I will not write the final message for my speaking engagement at a retreat next weekend.

I will not download the conference materials for the European Leadership Forum that is just around the corner.

I will not work on the meditations for the Learning Community in the first week of June.

I will not read books for school, or write responses to emails, or compose a newsletter.

I will not bathe the dog or change my sheets, though both have been long neglected.

Instead, I will set all of those things aside, trusting them into the capable hands of a God who never slumbers nor sleeps. I will struggle to rest so that I can endure the rest of the struggle. And by my rest I declare to my soul, "You are NOT in charge! Sit still, be quiet, and breathe. The LORD of the Sabbath is near, behold him, adore him, receive him. There is no greater work than this."

Instead of working on the Sabbath, I will let the Sabbath work on me.

Friday, May 8, 2015

Anyone Out There...

For anyone out there who keeps up on my reading list and thinks that perhaps I may have given up reading books in 2015, rest assured I have finally updated the page. Besides noticing the many amazing books that I have been reading for seminary, you will notice an obsession with the Masie Dobbs series by Jacqueline Winspear. These are detective novels set in post WWI England, and they are total book candy. Nothing challenging, but highly entertaining, they provide light-hearted study breaks from my intelectually stimulating course reading.

Image result for maisie dobbs

For anyone out there who still doesn't know where we are moving this summer, let me enlighten you. Destination: Lyon! We are very excited to be joining a church planting team that will plant in the center of Old Lyon.

For anyone out there who wonders if I ever indugle in the delectable delicacies found in French bakeries, let me assure you, I do. Though not often, because, well, who can stand the calories? But every now and then a splurge is in order. Last week I enjoyed a variety of macarons. Strawberry, coffee, pistaccio, and vanilla were among the mix.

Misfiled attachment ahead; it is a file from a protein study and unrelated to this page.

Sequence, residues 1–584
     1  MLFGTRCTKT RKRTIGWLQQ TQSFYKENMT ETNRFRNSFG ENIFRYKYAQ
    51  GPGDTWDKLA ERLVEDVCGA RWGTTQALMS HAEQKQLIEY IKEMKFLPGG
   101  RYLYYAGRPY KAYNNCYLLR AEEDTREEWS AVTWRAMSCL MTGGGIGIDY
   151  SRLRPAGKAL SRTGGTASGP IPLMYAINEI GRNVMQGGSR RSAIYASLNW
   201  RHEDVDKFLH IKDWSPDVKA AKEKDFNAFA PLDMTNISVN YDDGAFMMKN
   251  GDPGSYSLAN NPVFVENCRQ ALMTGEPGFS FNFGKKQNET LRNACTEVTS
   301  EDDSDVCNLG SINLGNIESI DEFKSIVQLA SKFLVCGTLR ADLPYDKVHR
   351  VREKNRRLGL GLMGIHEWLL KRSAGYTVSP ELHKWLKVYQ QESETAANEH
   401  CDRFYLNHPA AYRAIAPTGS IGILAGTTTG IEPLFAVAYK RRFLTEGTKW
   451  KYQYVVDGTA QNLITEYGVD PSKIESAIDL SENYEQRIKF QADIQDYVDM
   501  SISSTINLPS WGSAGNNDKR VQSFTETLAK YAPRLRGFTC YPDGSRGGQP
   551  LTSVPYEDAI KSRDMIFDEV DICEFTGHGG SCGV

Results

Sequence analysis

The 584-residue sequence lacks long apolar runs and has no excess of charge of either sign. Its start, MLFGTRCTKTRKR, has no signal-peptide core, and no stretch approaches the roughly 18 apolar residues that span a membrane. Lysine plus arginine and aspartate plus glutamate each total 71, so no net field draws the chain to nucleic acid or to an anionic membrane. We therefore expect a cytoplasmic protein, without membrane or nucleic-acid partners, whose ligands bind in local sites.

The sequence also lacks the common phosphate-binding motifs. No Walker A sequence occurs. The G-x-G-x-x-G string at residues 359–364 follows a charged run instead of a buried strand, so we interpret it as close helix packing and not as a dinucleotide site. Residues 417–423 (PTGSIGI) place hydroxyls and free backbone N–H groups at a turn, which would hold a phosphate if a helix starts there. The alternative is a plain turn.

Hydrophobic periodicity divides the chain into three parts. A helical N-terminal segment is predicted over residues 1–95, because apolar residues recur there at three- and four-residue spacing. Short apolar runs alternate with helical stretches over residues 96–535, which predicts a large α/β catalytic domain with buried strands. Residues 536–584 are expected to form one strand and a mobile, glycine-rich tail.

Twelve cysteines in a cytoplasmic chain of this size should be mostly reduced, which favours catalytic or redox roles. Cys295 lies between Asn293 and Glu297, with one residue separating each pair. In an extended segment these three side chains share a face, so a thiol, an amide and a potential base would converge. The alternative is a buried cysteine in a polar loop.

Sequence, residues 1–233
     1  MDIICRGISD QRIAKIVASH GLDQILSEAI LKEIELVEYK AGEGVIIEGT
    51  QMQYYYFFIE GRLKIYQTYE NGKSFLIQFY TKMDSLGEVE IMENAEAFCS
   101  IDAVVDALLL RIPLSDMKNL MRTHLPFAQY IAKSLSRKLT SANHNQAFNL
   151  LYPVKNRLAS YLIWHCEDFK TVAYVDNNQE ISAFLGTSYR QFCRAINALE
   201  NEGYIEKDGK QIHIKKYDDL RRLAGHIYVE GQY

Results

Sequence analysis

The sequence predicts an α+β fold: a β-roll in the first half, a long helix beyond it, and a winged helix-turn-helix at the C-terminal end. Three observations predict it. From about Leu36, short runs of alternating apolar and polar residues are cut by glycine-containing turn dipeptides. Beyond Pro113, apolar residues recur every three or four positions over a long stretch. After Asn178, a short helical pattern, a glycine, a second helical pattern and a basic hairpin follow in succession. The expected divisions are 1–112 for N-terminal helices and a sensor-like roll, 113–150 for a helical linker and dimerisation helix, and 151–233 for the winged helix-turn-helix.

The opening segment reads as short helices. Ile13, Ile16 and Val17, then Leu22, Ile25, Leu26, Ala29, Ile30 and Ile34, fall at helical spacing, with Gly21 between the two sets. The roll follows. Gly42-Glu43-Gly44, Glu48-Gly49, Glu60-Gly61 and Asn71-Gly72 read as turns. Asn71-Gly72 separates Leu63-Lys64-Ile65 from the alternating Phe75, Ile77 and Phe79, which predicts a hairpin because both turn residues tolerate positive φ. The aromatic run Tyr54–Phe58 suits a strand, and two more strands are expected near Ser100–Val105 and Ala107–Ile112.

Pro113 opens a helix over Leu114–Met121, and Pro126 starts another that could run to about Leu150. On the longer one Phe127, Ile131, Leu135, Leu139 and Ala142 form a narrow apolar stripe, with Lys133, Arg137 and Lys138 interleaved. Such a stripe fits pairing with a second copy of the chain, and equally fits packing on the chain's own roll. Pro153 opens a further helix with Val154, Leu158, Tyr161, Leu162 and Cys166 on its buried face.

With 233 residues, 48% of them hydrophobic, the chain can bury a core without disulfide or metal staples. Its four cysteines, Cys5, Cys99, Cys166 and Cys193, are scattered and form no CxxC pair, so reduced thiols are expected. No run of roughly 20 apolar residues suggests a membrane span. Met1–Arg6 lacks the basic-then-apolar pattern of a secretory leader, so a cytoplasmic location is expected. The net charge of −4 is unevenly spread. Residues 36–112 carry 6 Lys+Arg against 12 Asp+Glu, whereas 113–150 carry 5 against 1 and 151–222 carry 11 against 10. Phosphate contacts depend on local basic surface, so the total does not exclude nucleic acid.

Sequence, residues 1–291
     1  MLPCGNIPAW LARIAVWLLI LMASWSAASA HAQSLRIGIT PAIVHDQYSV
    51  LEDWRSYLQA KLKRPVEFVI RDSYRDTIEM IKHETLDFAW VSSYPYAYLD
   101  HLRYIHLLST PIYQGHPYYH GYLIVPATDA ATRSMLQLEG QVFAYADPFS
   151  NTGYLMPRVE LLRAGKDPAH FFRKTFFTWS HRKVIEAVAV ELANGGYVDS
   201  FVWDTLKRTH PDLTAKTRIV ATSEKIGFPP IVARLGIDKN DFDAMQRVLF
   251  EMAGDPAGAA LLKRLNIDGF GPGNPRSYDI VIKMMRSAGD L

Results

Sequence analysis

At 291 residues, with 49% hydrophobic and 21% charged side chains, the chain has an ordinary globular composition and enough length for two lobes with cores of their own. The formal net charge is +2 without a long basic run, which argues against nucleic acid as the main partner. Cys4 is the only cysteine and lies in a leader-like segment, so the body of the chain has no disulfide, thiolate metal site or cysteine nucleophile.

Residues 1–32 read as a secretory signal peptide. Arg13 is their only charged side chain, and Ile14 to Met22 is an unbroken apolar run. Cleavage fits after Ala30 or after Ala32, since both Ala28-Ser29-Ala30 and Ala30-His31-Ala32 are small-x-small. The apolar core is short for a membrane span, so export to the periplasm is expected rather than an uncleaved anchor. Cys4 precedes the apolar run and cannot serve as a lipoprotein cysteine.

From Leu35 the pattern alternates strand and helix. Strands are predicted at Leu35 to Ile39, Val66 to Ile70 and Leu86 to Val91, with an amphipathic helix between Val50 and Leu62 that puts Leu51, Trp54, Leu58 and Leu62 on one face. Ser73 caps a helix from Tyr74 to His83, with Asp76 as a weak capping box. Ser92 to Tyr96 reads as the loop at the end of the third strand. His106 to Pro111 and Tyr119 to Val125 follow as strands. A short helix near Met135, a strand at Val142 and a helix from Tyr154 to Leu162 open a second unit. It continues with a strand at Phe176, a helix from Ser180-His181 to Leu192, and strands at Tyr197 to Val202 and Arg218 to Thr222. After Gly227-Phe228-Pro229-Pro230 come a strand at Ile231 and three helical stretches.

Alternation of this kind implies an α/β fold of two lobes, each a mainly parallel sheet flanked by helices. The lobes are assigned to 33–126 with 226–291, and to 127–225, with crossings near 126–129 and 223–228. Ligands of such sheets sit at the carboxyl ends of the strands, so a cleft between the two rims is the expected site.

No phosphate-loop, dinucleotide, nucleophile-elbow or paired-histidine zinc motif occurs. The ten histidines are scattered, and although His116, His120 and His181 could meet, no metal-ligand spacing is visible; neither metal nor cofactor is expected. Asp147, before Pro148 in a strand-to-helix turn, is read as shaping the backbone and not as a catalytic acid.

For anyone out there who needs to know how to renew a passport when living in France, I feel your pain. I sent mine off two weeks ago because it was due to expire June 1 and I need to travel to Poland May 19-June 4. They said it should take 10-14 days, but what I forgot to take into account is that every-stinking-other- day in the month of May is a HOLIDAY in France. There are more holidays that working days, and I am starting to get concerned that I may not have my new passport in time!

For anyone out there who wants to know where I've been spending my creative energy this week, I'm working on a project that Chandler calls "Hobbes 2.0." I made a Hobbes for Graham for Christmas, and Chandler is laying claim to this little guy.

Friday, May 1, 2015

The Problem with Facebook

I wonder sometimes what Facebook is doing to us. Or rather, if our engagement in social media is changing who we are and how we live life. Because actually, Facebook is a passive tool. We are not victims, but actors. So let's own our part.